Shaun is a full-time carer for Sophie who’s 8. But at 18, he’s barely finished being a child himself. Ekeing out a precarious existence on a minimum wage at fast food joint, Tasty’s, his best efforts to cope go awry when his entrepreneurial mate, Eddie, is left in charge of Sophie.

Eliza Gearty’s taut script is drawn from interviews with kinship carers. We don’t find out why Shaun and Sophie’s parents aren’t willing – or able – to look after their kids. But About Money evokes Shaun’s lack of choices – his reliance on his verging-on-exploitative manager at Tasty’s, his desperation to provide something like stability for his sister and the constant menacing grind of not having enough money to eat and to provide for the essentials in life. Paracetamol may be ‘only’ 98p but it’s 98p that Shaun doesn’t have.

Michael McCardie is perfectly pitched as Shaun. A young guy who just wants to get on with being a young guy but is all too painfully aware of the precariousness of his circumstances. His mate Eddie (Matthew Boyle) is just the right mix of almost endearing, gung-ho idiocy. The wistfulness on McCardie’s face as Eddie talks of his pending place at college will clutch at your heart. Tasty’s co-worker Hannah (Isabelle de Rosa) brings a lovely insouciance to her campaign for worker’s rights. And Rohit Kumar drips supercilious condescension as the dispassionate branch manager. Undoubted star of the show however is Lois Hagerty as the cheeky child who just wants enough to eat and enough love.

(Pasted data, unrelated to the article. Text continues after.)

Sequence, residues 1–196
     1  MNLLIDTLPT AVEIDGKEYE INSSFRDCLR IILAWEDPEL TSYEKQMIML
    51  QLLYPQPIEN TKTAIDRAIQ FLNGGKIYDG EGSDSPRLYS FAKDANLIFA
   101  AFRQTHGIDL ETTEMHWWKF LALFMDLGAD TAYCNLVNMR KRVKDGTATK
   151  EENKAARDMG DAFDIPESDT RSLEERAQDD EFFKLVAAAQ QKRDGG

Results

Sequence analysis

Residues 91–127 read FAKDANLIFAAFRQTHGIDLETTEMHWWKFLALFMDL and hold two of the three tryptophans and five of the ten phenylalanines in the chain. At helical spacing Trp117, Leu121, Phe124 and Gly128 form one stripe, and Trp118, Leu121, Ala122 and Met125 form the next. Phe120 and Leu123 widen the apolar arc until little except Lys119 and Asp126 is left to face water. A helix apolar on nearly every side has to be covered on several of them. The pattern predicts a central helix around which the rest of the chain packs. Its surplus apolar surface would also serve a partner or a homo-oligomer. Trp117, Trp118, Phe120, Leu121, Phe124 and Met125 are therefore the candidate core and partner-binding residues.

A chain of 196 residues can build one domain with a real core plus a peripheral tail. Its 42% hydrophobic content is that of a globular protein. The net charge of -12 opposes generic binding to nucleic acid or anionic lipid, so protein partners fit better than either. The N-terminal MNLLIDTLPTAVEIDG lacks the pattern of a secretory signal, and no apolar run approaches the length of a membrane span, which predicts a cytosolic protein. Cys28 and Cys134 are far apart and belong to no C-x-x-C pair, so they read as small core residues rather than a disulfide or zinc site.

The heartbreaking story is beautifully told thanks to pointed, unsentimental direction from Alex Kampfner and a brooding soundscape (Duncan Gallagher).  In the name of full disclosure, a fire alarm interrupted the performance so this reviewer missed the final seven minutes of the performance. (If you catch the ending, I’d like a blow by blow account.) But as the cost of living crisis beckons, this timely production explores the heartbreaking decisions forced on people when they can’t make ends meet.